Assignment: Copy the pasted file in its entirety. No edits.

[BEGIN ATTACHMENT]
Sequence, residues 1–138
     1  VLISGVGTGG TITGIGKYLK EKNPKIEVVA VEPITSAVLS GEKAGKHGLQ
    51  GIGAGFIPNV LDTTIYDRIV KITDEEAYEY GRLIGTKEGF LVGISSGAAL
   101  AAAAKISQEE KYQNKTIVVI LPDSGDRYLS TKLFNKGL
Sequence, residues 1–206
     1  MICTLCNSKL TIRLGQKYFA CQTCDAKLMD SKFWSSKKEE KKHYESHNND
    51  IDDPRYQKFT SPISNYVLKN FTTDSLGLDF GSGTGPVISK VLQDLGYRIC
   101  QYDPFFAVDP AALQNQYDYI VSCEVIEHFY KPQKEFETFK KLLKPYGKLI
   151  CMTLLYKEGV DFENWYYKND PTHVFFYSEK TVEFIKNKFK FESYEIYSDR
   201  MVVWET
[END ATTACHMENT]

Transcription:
Sequence, residues 1–138
     1  VLISGVGTGG TITGIGKYLK EKNPKIEVVA VEPITSAVLS GEKAGKHGLQ
    51  GIGAGFIPNV LDTTIYDRIV KITDEEAYEY GRLIGTKEGF LVGISSGAAL
   101  AAAAKISQEE KYQNKTIVVI LPDSGDRYLS TKLFNKGL
Sequence, residues 1–206
     1  MICTLCNSKL TIRLGQKYFA CQTCDAKLMD SKFWSSKKEE KKHYESHNND
    51  IDDPRYQKFT SPISNYVLKN FTTDSLGLDF GSGTGPVISK VLQDLGYRIC
   101  QYDPFFAVDP AALQNQYDYI VSCEVIEHFY KPQKEFETFK KLLKPYGKLI
   151  CMTLLYKEGV DFENWYYKND PTHVFFYSEK TVEFIKNKFK FESYEIYSDR
   201  MVVWET